Chairman’s report to the 2019 AGM
CHAIRMAN’S REPORT TO THE AGM, 16 MARCH 2019
The minutes from last year’s AGM have been circulated and I ask for a show of hands to approve them.
This is the Confraternity’s 12th Annual Meeting and my fifth as Chairman (I took over at the 2015 AGM). Five years is a good innings – sufficient time to contribute but not quite long enough to overstay one’s welcome – and, although I plan to remain closely engaged with the Confraternity, it is my intention to hand over to a successor in the course of 2019.
We have achieved a great deal since I last reported to you in 2018 – all thanks to the sterling work of our Steering Group and thanks also to the active support and participation of you our members.
It is important to underline that this is your organisation and that we are nothing if we do not make it work for you and all the others who share our values and interests.
It is also important for us not to lose sight of that very special experience which draws us all together – the common bond of our pilgrim journey to Rome; the quiet, the hard slog, the reflection, the beauty, the slowed pace, and the arrival.
The headline news today is that we are now a registered charity. Although being a charity will involve us in another layer of bureaucracy, it is an important step. As a charity, we will be able to raise more money and to aim our sights on achieving some major projects such as, for example, setting up or helping to run a hostel for pilgrims, way-marking a pilgrim route from London to Canterbury and becoming more involved in Calais and the Via Francigena route in northern France.
A total of 1247 have joined us since we founded and we currently have an active membership of nearly 400. A lot of people join at the time they are planning to walk to Rome and then let their membership lapse, and we are looking for ways to retain these members. Staying involved and staying paid up is a very good way of giving back.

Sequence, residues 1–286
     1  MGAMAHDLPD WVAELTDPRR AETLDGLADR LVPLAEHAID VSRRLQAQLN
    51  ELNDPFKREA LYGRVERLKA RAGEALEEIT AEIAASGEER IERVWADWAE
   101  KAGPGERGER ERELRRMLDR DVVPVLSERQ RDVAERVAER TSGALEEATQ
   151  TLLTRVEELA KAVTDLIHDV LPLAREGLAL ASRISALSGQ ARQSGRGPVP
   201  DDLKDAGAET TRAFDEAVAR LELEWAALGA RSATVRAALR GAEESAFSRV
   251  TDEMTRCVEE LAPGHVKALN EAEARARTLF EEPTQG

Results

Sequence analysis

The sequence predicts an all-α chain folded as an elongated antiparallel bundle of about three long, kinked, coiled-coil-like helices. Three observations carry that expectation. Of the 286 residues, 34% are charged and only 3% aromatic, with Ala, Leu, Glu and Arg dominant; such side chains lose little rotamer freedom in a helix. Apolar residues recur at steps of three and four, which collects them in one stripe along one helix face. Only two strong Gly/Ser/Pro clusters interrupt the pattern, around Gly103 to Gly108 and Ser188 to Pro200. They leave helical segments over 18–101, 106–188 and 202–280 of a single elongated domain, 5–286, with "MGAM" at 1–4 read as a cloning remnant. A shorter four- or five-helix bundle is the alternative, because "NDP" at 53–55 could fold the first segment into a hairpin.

Another way is to join our Steering Group. There are a few gaps in our ranks and skills. Please come up to me during the break if you would like to learn more.
Our members include many different nationalities – a total of 34 different countries – and those recently joined come from Russia, Hong Kong, India and Bahrain.
In addition to our own printed and e-newsletters, there is a very active Via Francigena forum on Facebook with more than 5900 members (as this newsletter is published).
As in previous years, Danilo Parisi, the ferryman of the River Po, has shared his statistical analysis with us. He ferried a total of 1405 pilgrims across the river last year, a 15 per cent increase on 2017. Although many more people walk and cycle a shorter distance to Rome, these numbers give a fair indication of the walkers and cyclists making a long-distance journey to Rome – still only a trickle compared to the hundreds of thousands journeying each year to Santiago.
We continued our programme of outreach – donating small gifts both to Danilo Parisi, and to a charity caring for migrants in Calais. With our new status we may not be able to continue to donate directly to this charity, but I think of these displaced and homeless people as the true pilgrims of the 21st century; you will hear more about them in a moment from Mary Kirk.
That’s enough from me and I am now going to invite members of our Steering Group to give you brief updates on their work so that you hear directly from them about the full range of what we are doing.
Treasurer – Robert White
Charity – Carlo Laurenzi
Communications – Jonas Ewe
Canterbury & Accommodation – Julia Lewis
Membership – Stuart Nelson
Newsletters and Calais – Mary Kirk
• If you didn’t manage to make it to the AGM at Southwark in March, you can listen to Stuart Nelson’s talk on CPR’s new Youtube channel as well as two songs performed by Anja Baker. Visit the page here:https://www.youtube.com/channel/UCQ8sFuxjAnKUBJfoNo23WJQk